Anakoinosis, a novel opportunity for sustainable drug development: immunotherapy; new bio-modulatory drugs and combinations; bioinformatic approaches; nanomedicine; drug repurposing


The Research Topic is open, though not exclusively, to the speakers of the Third International Conference on Anakoinosis (Rome, Italy, May 13th-15th). We expect that the contributors provide general Review papers in their own specific fields, focusing on the connections that link their area of expertise with the backbone of the Research Topic. We likewise welcome Original Research Papers, providing novel information useful to focus the anakoinosis principles. Given the high interdisciplinary nature of this Research Topic, which is ideally destined to a very broad readership, we will ask contributors to pay particular care to making the introduction section of their studies (either experimental or review), especially clear and comprehensible to non-specialists, in order to facilitate the exchange of knowledge.

The Topic Editors would like to acknowledge the contribution of Francesca Corsi in the co-ordination of this Research Topic.


Keywords: molecular tissue dynamics, cancer microenvironment, communicative reprogramming, non-cytotoxic anticancer therapy, sustainable drug development


Important Note: All contributions to this Research Topic must be within the scope of the section and journal to which they are submitted, as defined in their mission statements. Frontiers reserves the right to guide an out-of-scope manuscript to a more suitable section or journal at any stage of peer review.

Anticancer therapies are aimed at killing cancer cells to reduce tumor mass. Unfortunately, repopulation too often ensues, causing fatal relapses. This intrinsic limit calls for a change of paradigm: could cancer tissues, instead of cancer cells, be targeted by therapeutic strategies aiming at tissue “re-education”?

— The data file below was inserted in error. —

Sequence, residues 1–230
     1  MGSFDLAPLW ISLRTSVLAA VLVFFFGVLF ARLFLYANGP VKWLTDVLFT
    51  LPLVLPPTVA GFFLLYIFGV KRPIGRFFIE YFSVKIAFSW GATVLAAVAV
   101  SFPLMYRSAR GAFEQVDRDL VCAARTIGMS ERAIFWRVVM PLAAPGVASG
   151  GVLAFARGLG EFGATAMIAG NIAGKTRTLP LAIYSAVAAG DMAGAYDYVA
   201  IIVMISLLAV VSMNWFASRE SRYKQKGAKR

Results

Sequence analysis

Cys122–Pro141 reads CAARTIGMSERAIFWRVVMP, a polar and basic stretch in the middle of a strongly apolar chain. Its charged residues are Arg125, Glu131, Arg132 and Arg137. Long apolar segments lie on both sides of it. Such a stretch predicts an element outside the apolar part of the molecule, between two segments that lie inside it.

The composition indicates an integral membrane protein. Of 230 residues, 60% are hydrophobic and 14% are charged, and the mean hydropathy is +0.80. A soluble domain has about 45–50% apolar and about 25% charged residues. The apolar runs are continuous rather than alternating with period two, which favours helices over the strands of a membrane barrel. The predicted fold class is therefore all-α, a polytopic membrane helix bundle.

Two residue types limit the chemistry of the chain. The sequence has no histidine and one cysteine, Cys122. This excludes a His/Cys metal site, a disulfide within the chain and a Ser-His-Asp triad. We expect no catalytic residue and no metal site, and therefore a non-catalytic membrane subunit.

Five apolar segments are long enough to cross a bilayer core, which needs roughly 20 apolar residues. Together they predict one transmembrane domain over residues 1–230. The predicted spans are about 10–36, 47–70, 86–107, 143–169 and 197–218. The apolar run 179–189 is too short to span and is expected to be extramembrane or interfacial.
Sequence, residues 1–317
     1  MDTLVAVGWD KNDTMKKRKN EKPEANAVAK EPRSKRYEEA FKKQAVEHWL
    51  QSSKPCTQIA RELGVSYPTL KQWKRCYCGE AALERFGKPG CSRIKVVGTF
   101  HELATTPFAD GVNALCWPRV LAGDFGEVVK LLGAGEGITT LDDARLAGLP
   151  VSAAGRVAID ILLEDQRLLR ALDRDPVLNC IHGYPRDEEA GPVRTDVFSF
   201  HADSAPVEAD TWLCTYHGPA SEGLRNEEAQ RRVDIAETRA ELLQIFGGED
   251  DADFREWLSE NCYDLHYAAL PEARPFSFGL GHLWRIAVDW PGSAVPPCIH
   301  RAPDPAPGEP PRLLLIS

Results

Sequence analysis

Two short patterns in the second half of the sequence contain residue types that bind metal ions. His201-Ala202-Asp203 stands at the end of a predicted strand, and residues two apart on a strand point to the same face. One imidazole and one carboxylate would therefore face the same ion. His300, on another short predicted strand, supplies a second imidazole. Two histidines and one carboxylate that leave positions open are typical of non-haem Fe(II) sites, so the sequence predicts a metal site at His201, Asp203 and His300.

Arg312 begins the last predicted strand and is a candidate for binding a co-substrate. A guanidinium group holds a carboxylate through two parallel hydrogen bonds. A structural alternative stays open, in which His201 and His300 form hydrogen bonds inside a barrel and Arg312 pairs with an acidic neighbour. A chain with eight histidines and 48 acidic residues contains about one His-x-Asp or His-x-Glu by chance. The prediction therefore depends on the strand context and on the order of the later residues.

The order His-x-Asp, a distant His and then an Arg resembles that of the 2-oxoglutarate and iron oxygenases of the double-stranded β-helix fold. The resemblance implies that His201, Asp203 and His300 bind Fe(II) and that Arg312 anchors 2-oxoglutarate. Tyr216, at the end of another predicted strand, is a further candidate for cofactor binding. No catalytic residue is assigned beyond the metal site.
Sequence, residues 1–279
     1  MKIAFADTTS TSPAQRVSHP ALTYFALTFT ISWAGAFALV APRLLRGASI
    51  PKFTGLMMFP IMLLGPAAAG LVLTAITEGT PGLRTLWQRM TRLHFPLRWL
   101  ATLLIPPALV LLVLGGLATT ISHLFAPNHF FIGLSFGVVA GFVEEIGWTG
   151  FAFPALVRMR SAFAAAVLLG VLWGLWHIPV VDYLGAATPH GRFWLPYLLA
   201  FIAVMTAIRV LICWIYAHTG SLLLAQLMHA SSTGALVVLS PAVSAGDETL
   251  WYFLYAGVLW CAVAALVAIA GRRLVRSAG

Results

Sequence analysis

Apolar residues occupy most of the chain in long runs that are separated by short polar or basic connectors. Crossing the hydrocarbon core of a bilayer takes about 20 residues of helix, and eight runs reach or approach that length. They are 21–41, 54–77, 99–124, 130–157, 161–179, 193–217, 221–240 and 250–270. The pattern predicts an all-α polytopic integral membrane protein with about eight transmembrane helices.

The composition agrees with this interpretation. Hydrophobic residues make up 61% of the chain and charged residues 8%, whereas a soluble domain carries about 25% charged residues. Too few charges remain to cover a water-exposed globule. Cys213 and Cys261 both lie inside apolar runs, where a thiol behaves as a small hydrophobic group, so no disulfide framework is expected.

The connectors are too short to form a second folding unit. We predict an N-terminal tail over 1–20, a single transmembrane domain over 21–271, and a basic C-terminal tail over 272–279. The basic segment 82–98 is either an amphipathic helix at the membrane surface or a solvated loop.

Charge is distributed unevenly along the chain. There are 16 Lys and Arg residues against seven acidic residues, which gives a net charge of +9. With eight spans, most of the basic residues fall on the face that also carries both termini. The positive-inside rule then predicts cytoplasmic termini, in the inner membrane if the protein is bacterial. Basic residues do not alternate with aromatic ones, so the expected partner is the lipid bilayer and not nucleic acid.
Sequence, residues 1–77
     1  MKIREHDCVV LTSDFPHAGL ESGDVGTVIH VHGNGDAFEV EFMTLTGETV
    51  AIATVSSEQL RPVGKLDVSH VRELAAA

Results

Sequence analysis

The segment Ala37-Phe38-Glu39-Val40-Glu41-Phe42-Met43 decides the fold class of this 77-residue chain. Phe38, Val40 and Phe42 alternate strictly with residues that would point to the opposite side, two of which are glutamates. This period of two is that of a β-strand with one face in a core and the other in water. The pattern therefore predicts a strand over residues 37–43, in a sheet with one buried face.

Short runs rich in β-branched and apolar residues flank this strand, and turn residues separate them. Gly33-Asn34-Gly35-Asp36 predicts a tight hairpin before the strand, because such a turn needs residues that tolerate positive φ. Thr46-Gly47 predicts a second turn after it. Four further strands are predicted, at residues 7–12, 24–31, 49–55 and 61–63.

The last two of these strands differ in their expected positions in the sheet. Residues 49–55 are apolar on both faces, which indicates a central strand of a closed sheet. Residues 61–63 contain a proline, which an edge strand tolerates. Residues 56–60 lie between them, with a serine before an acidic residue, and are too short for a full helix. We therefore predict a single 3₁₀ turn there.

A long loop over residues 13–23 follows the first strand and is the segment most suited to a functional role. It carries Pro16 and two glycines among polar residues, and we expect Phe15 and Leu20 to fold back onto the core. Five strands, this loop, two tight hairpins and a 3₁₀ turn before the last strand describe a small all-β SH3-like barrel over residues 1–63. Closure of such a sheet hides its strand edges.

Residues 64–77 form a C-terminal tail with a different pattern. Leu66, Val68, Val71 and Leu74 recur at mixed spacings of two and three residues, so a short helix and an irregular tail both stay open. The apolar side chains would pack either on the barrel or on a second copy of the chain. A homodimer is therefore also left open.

Anakoinosis (from the ancient Greek for communication), is a paradigmatic new therapy aimed at correcting aberrant cancer homeostasis by re-activating lost tissue defenses. Originally designed for palliative care, using combinations of compounds acting as “master modulators” of gene expression and tissue communication signals, avoiding cytotoxic drugs, anakoinosis has shown unexpected long-lasting anticancer potential in the clinical context, reaching even continuous complete remission of otherwise untreatable metastatic cancers. Mechanistically, in anakoinosis “re-formatted” cancer tissues, tumor cells are not necessarily killed, but can remain and re-acquire ‘normal’ functions, for example by differentiation or transdifferentiation, even when displaying abnormal oncogenic patterns.

Such achievements transcend the classical genetic view of cancer biology, and need to be framed in a modern and solid scientific context. Notably, basic researchers and oncologists increasingly report experimental and clinical observations which imply that tissues and organisms obey laws that go beyond the strict gene- or cell-autonomous regulatory circuitry in tumor biology. A strong motivation for this Research Topic is therefore to begin building a repository where such ever-increasing scattered observations may be shared, compared and contextualized. This will pave the way for a coherent structural framework to develop knowledge on Molecular Tissue Dynamics in the context of cancer microenvironment.